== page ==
Homily for the 27th Sunday of Ordinary Time, Year A

Readings: Isaiah 5:1-7; Philippians 4:6-9; Matthew 21:33-43

 Theme: Tenants in God’s Vineyard

The images of vines and vineyards loom large in the Scriptures. They feature today in the first reading, the responsorial psalm, and the gospel.  Vineyards were as important for the people of Israel as dairy farms were, and indeed still are, for people in Ireland. The cultivation of vineyards and the production of wine was no less demanding than is the production of milk. A lot care and hard work went into the production of quality vines and vintage wine. Because vineyards and vines were so central to the everyday life of the Israelites, they are often used symbolically in Scripture to represent God’s relationship to Israel and its people. A fruitful vine was a symbol of an Israel fidelity to God, while sour grapes were an indication of Israel’s infidelity (cf. Jer 2:21).

Our first reading today, taken from the prophet Isaiah, illustrates God’s attentive and loving care for the people of Israel, using the image of a vine-grower’s who did everything possible to produce grapes of the highest quality. ‘He dug the soil, cleared it of stones and planted choice vines in it. In the middle he built a tower and cut a wine-press as well. He expected it to yield a crop of good grapes, but sour grapes were all that it gave’ (Is 5:2). What God expected from the people of Israel, after all the love and care he had shown them, was justice and integrity. Instead what he found was bloodshed and a cry of distress (cf. Is 5:7). Isaiah goes on to paint a sad picture of Israel as an abandoned vineyard, ‘a wasteland, neither pruned nor cultivated, overgrown with briers and thorns’ (Is 5:6).

 In our gospel reading, Jesus expands and develops the parable of the vineyard in light of his own experience of rejection. He is speaking ‘to the chief priests and elders of the people’ (Mt 21: 33), who refused to accept him as the Messiah. He tells them a story about a landowner who planted a vineyard, developed it, and leased it out to tenants.  Then, when harvest time drew near, he sent his servants to collect the grapes.  However, the tenants seized, thrashed, stoned and even killed these servants. And this happened not just once but several times. Jesus is here referring to the rejection of the prophets whom God sent to remind the Israelites of their calling to be a holy and faithful people, a model of truthfulness and upright behaviour for other nations. Finally, as Jesus develops the parable, the landowner sends his son, thinking that they will respect him at least. Instead, the kill him, too, in order to take possession of the vineyard themselves. This represents precisely what happened to Jesus himself, the beloved Son sent by the Father to the people of Israel, but rejected by the chief priest and elders of the people. Jesus was ‘the stone rejected by the builders that became the keystone’ (Mt 21:42).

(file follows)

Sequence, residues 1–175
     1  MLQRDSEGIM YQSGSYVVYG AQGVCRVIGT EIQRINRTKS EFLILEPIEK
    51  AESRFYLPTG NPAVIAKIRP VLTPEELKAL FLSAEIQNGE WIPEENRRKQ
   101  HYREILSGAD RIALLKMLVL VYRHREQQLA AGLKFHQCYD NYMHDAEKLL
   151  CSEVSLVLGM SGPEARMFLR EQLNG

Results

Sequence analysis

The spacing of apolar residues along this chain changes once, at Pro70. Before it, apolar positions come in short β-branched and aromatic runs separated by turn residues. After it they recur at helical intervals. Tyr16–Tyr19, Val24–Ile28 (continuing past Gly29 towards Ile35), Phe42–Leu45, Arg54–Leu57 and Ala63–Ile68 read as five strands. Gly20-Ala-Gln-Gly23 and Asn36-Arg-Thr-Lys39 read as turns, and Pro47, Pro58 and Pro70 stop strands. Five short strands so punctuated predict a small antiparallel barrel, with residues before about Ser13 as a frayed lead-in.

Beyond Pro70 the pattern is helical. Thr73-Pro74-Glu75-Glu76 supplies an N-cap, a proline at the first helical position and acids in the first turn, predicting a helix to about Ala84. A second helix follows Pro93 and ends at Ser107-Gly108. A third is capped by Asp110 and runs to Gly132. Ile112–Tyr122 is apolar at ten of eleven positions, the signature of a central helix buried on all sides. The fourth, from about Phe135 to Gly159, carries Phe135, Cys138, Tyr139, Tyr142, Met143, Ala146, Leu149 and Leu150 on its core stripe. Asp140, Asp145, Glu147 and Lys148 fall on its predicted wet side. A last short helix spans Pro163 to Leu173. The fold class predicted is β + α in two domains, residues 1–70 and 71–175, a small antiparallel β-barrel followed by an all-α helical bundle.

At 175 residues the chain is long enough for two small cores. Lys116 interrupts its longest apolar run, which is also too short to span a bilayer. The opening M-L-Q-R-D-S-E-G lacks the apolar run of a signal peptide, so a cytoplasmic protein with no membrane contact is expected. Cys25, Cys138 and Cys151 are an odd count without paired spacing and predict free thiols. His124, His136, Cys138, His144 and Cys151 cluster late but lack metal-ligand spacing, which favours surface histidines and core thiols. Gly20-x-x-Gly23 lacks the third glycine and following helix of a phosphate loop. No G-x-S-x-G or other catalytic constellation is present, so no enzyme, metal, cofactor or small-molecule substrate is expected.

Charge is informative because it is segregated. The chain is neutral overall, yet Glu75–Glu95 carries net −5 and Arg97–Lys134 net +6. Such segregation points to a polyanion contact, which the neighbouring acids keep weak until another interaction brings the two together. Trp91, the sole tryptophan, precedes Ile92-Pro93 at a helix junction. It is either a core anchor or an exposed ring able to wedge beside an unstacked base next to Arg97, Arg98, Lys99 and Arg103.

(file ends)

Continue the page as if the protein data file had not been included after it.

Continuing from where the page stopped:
Our readings today are not merely an account of Israel’s ingratitude and infidelity, or of Jesus’ rejection by the chief priests and elders of the people. They are addressed to us here today. They challenge us to ask ourselves what God expects of us, after all the love and care he has shown us? We are privileged, by baptism, to be called to work in the Lord’s vineyard. Every Sunday we are invited to gather together to hear the Gospel message and to make it part of our lives. We are God’s new people, called to be faithful and active members of the Body of Christ, the Church. We are those ‘other tenants’  whom the Lord expects ‘to deliver the produce to him when the season arrives’ (Mt 21:41). What kind of grapes do we produce? Are they sweet and luscious, or dry and sour?  Have we lived up to the Lord’s expectations of us as a community of his beloved disciples?  What kind of impact do we have on the world around us?  Can we honestly say that we are people of justice and integrity? Am I a person of justice and integrity? 

In today’s Second Reading, St Paul offers us practical guidance on how to produce good fruit in our lives and live up to the Lord’s expectations of us. ‘Finally, brothers and sisters, fill your minds with everything that is true, everything that is noble, everything that is good and pure, everything that we love and honour, and everything that can be thought virtuous or worthy of praise’ (Phil 4:8). If we follow Paul’s instruction, we do not need to worry about the kind of fruit we will produce. ‘That peace of God, which is so much greater than we can understand’ will guard our hearts and our thoughts, in Christ Jesus’ (Phil 4:8) and ensure that we produce the fruits of love.

I will end with a prayer based on today’s readings from the pen of Flor McCarthy SDB, entitled Planted by God;

Lord you planted me on this earth.
You fenced me around with the love of family and friends.
Their care towered over me.
In the shelter of this tower I grew in safety and peace.
I put out early blossoms; I filled with leaves.
People had great hopes for me.
You had great hopes for me.
But now the year of my life is passing.
The harvest is approaching. 
What fruit have I to show?
What if, after all this care,
I had nothing to offer but sour grapes?
May you, Lord, have mercy on me,
and with your patient urging
help me to produce the fruits of love.

Michael McCabe SMA

To listen to an alternative Homily for this Sunday, from Fr Tom Casey of the SMA Media Centre, Ndola, Zambia please click on the play button below.

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